on a hillside
The lemons and yoghurt were another treat given to me by the crew at Horizontal and I could not see it going to waste. With the leftover Greek yoghurt I had made a kind of Indian sauce by adding finely chopped cucumber, fresh garlic and some of the spicy tomato pasta sauce. This was to go with the large Mediterranean style marinated veal cutlets that I had taken out of the freezer for our dinner.
The cooking all done I was left with a big mess in my galley and no galley slave, but myself to clean up. I also had to compact same more plastics to be stored.
more rock formations
(all I seemed to have done was take photos of rocks)
Glad to get out of the galley I then went up on deck to help MrJ with some repairs to the old rubber dinghy. Because we had stored the dinghy upside down on the bow tramp it was exposed to the weather and sea element more so than being on the davit. Most of the clue on the cover had come unstuck and was in need of repairing. MrJ had nearly finished by the time I got out there and then all I had to do was help put the dinghy back in place and tiring it down securely. Now it was lunch time!
After lunch MrJ and I lower the tinnie to go up the creek. On the way up to the Squatter’s Arms we take a little detour into a narrow gorge inlet. The tide is way down but there is still plenty of water under the tinnie although the passage has been narrowed even further by the slope of the hug rock walls, just enough room for us to get through to the first solid wall rock bar. I felt a little creepy and I was expecting some giant croc monster to jump out at us at any time! ;o))))))
low tide rock bar                               high tide rock bar                                         we crossed over the rock bar at high tide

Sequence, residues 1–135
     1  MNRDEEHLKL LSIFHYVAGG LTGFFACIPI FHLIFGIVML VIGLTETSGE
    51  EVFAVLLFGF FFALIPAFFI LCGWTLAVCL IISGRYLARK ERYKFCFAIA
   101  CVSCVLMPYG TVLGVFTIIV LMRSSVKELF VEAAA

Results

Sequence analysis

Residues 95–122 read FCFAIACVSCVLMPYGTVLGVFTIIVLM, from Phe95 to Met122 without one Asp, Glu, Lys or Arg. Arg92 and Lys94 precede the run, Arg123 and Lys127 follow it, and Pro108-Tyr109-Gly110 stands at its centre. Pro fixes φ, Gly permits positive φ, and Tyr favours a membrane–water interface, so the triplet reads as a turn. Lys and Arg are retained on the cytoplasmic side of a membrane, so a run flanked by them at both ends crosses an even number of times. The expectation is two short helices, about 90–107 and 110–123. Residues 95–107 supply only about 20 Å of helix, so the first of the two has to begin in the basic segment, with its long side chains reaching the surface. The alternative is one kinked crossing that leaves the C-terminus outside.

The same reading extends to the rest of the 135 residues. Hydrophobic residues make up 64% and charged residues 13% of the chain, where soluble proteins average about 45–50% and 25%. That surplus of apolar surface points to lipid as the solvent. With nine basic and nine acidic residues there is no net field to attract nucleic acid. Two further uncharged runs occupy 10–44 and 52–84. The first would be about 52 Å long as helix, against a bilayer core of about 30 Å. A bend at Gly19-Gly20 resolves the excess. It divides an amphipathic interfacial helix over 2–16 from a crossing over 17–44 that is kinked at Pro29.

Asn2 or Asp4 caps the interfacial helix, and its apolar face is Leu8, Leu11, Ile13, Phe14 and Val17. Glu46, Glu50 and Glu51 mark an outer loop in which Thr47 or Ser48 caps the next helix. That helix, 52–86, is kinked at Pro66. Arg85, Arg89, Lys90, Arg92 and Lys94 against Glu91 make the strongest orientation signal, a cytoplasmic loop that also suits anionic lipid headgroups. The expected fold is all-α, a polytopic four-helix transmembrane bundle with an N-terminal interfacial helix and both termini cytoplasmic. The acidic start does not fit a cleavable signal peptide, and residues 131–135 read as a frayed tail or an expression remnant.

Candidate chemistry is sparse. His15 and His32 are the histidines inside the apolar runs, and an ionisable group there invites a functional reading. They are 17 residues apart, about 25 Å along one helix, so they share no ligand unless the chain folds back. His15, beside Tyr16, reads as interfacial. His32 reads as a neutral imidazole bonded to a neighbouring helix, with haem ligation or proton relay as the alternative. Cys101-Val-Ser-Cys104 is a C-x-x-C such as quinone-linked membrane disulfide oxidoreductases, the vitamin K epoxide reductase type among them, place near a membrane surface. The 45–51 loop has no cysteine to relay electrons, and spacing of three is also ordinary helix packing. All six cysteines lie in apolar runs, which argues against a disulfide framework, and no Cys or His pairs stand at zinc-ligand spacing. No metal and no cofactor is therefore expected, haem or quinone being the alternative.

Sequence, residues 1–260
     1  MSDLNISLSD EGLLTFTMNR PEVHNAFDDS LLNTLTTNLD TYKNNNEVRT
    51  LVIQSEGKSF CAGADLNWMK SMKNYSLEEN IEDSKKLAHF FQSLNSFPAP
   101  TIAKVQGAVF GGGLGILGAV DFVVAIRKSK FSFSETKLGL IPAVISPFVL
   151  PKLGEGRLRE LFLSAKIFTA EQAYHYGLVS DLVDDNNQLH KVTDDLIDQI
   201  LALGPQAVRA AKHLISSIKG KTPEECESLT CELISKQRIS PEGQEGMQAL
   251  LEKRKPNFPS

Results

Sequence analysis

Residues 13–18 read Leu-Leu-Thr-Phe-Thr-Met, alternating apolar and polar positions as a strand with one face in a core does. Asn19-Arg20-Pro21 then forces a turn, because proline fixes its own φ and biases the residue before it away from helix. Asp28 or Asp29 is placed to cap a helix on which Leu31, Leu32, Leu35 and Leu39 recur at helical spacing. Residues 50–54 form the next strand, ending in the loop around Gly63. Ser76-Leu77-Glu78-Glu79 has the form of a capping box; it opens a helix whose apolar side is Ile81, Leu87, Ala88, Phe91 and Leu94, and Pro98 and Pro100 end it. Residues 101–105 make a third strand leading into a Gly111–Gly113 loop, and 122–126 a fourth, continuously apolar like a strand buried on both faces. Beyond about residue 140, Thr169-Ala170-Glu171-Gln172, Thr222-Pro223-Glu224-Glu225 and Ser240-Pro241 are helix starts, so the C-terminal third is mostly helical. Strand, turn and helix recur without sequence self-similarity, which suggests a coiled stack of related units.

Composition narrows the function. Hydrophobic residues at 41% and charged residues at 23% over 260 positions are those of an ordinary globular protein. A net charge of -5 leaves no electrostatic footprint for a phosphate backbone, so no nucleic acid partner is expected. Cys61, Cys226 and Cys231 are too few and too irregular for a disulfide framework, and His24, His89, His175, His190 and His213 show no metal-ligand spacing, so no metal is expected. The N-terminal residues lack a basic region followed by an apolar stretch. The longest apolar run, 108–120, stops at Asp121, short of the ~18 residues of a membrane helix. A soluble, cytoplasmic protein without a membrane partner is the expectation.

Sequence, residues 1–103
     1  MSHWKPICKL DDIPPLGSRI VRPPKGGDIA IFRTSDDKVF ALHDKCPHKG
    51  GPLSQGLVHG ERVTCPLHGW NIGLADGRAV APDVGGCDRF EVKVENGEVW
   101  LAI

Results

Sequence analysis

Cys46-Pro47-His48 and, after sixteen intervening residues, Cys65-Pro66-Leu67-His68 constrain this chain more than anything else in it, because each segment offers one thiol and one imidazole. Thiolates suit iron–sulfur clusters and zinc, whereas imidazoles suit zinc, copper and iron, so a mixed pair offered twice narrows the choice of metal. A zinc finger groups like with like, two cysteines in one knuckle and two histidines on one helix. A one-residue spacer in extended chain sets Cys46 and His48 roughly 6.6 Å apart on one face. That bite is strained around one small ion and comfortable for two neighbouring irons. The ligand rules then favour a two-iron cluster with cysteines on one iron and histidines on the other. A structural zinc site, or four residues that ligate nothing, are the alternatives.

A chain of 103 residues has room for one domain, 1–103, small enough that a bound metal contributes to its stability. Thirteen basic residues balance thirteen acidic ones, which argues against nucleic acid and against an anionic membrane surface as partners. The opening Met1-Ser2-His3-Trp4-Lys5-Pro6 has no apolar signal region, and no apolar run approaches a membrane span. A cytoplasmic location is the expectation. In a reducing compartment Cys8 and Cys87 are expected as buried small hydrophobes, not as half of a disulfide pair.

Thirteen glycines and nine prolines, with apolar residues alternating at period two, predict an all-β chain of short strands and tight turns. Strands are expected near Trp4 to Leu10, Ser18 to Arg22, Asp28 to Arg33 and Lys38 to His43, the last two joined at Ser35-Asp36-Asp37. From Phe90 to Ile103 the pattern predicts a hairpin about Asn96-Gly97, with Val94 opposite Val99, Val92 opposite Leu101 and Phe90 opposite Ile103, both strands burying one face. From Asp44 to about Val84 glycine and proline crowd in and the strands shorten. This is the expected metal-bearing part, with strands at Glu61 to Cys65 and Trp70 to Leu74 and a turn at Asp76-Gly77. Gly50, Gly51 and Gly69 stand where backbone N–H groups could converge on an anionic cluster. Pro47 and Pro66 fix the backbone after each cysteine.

low tide                                                                      high tide
MrJ and I didn't try to climb up over the rock bar but instead turned the tinnie around (only just being able to) to continue on our way Marion and Phil’s. We were not the only people to drop in on Marion and Phil that day. There went my one-on-one chit-chat with Marion.
Shortly after MrJ and I arrived a small runabout came up the creek with the owner of a large private motor cruiser, Phoenix, one crew member and four guests who were from Korea. The skipper of the motorboat was an entrepreneur butcher, owing meat works in WA and in Korea. One of the Korean fellas was the young manger of the meat works in Seoul, he was travelling with one young male and two young female companions. The other visitors arrived in a very small catamaran; they had anchored up the creek in front of the Squatter’s Arms before the sharp bend. These people were sail around Australia but only doing six weeks or so at one time then returning to Victoria to work for a while and then returning to their boat to do some more sailing. It was to end up quite a gathering so Marion and Phil ushered us all out to the picnic area near the Boat Club shelter. 

The young Korean girls went for a swim in the tank pool and bough loads of stuff from the shop, the boys tried one of Marion’s menthol rollies (cigarette) and then rest of us older folk just sat around and told yarns of days gone by and of the people that we have met. Marion sits and chats while Phil tends to the shop and drinks his home brew. I had noticed that the Phoenix shipper did hand over a bottle of Gin to Phil. Phil was later to confide in me that they, him and Marion, do fairly well out of the passing boats either by buying from the shop or deposits of liquor. Good luck to ‘em!

old matey in the shop
It was getting late; the sun was nearly setting over the yardarm when MrJ and I got up to leave. The visitor off the Phoenix left at the same time. We stopped to fill up our water container again this time the tide hard receded even further than the day before and it was a struggle to get in close to the old rusting jetty and water hose. The midges had begun their afternoon/dusk dance and had descended upon MrJ and I as we lingered by the rusting jetty base with the muddy banks exposed. Even MrJ could feel their bites. I was so pleased to get out of there and to be back on AR where I helped unload the water containers but left MrJ to lift the tinnie. It was now time to get our evening meal; Mediterranean veal cutlets, gravy, yoghurt dressing, potatoes, sweet potatoes and cabbage.
After dinner I washed up, uploaded the day’s photos and read some of my book before I was to clean my teeth and snuggled down into my comfy warm bed a little after 2200 (10pm).